Open Access Article

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DOI: 10.1039/C9SC01742A
(Edge Article)
Chem. Sci., 2019, Advance Article

Julia Westermayr^{a},
Michael Gastegger^{b},
Maximilian F. S. J. Menger^{ac},
Sebastian Mai^{a},
Leticia González^{a} and
Philipp Marquetand*^{a}
^{a}Institute of Theoretical Chemistry, Faculty of Chemistry, University of Vienna, 1090 Vienna, Austria. E-mail: philipp.marquetand@univie.ac.at
^{b}Machine Learning Group, Technical University of Berlin, 10587 Berlin, Germany
^{c}Dipartimento di Chimica e Chimica Industriale, University of Pisa, Via G. Moruzzi 13, 56124 Pisa, Italy

Received
9th April 2019
, Accepted 2nd August 2019

First published on 5th August 2019

Photo-induced processes are fundamental in nature but accurate simulations of their dynamics are seriously limited by the cost of the underlying quantum chemical calculations, hampering their application for long time scales. Here we introduce a method based on machine learning to overcome this bottleneck and enable accurate photodynamics on nanosecond time scales, which are otherwise out of reach with contemporary approaches. Instead of expensive quantum chemistry during molecular dynamics simulations, we use deep neural networks to learn the relationship between a molecular geometry and its high-dimensional electronic properties. As an example, the time evolution of the methylenimmonium cation for one nanosecond is used to demonstrate that machine learning algorithms can outperform standard excited-state molecular dynamics approaches in their computational efficiency while delivering the same accuracy.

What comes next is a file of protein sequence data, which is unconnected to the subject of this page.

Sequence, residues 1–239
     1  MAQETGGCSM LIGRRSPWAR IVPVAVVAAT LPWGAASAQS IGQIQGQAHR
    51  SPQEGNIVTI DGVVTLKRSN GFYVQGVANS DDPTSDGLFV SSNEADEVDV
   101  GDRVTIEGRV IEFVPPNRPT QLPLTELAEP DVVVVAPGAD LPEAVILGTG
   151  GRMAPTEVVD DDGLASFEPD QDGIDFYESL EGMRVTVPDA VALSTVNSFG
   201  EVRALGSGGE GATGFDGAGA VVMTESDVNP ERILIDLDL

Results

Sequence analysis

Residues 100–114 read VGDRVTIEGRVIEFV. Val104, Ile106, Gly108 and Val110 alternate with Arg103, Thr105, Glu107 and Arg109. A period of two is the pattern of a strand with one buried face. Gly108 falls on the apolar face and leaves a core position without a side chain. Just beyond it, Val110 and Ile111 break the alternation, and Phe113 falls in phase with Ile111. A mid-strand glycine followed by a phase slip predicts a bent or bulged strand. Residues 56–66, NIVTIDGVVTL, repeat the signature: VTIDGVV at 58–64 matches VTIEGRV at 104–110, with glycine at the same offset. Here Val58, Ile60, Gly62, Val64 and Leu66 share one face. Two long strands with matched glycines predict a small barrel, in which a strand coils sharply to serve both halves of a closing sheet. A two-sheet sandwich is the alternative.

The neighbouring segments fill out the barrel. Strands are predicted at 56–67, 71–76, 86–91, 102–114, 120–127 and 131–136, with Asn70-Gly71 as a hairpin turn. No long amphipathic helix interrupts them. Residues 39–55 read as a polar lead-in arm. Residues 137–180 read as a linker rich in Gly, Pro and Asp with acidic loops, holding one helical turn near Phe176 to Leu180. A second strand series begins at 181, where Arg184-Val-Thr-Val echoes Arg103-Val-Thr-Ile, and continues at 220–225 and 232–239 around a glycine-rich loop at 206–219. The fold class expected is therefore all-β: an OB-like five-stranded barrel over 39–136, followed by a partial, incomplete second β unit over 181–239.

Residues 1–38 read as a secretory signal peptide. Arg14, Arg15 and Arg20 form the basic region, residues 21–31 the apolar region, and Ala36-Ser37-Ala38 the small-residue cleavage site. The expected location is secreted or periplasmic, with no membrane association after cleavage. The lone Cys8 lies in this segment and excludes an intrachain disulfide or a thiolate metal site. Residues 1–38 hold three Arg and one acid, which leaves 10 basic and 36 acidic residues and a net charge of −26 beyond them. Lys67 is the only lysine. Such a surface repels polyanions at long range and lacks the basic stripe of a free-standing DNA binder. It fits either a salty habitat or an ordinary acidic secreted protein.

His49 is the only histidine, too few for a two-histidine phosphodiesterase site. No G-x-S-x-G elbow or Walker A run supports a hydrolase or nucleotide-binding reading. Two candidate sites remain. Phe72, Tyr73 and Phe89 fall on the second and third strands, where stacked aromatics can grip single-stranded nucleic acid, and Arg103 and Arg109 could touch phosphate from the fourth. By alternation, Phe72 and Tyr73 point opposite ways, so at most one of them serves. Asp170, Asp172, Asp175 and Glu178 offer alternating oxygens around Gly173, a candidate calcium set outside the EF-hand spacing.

Computer simulations of photodynamics typically rely on molecular dynamics simulations of coupled nuclei and electrons. These simulations require the computation of high-dimensional potential energy surfaces (PESs), i.e., the electronic energy levels of the molecule for all possible molecular configurations, using quantum chemistry. The calculation of these PESs is usually the most expensive part of the dynamics simulations^{15} and therefore, different approximations are necessary and ubiquitous. For the electronic ground state, the time-consuming quantum chemical calculations are often replaced with force fields^{16} but no standard force fields are available to describe electronically excited states. Another drawback of most conventional force fields is their inability to describe the breaking and formation of chemical bonds. Recently, increasing effort has been devoted to ML potentials,^{17,18} where an accurate representation of the ground state PES including bond breaking^{19} and formation is promised.^{16,20–32} Similarly, modified Shepard interpolation is used to construct PESs in low-dimensional systems and adapt them in out-of-confidence regions.^{33,34} However, the problem of obtaining accurate full-dimensional PESs for excited states in order to simulate long time photodynamics has not been solved yet. A few studies have focused on the prediction of excited state dynamics as well as on excited-state properties such as spectral densities with ML.^{35–44} The breakdown of the Born–Oppenheimer approximation, leading to critical regions in the coupled excited state PESs,^{45} poses yet another obstacle to quantum chemistry (QC) and consequently also ML.^{39–41} Among those critical regions are conical intersections (or state crossings), where two PESs get into close proximity. The underlying elements that become important in such areas are nonadiabatic couplings (or spin–orbit couplings). They induce non-radiative transitions between two electronic states of the same (or different) spin-multiplicities involving ultrafast rearrangements of both nuclei and electrons. These challenges led to the need for intermittent quantum chemistry calculations^{39,40} or omittance of couplings between different PESs^{41} in ML driven photodynamics. Hence long time photodynamics are still lacking and the possibility to additionally represent the aforementioned nonadiabatic derivative couplings between PESs fundamental to model photodynamics has not been demonstrated yet. Here we overcome all these different bottlenecks using deep neural networks (NNs) and achieve the simulation of photodynamics for long time scales. We expand on the idea of using ML to obtain potentials for electronic excited states, as well as arbitrary couplings within a framework that combines ML with trajectory surface hopping molecular dynamics (Fig. 1). Our ML approach is fully capable of describing all necessary properties for executing nonadiabatic excited-state molecular dynamics on the order of nanoseconds. These properties include electronic energies, gradients, spin–orbit couplings, nonadiabatic couplings, and dipole moments of molecules. Additionally, the underlying potentials and couplings can be used to optimize critical points of the configurational space, such as potential minima or crossing points, which are important for interpreting photochemical mechanisms.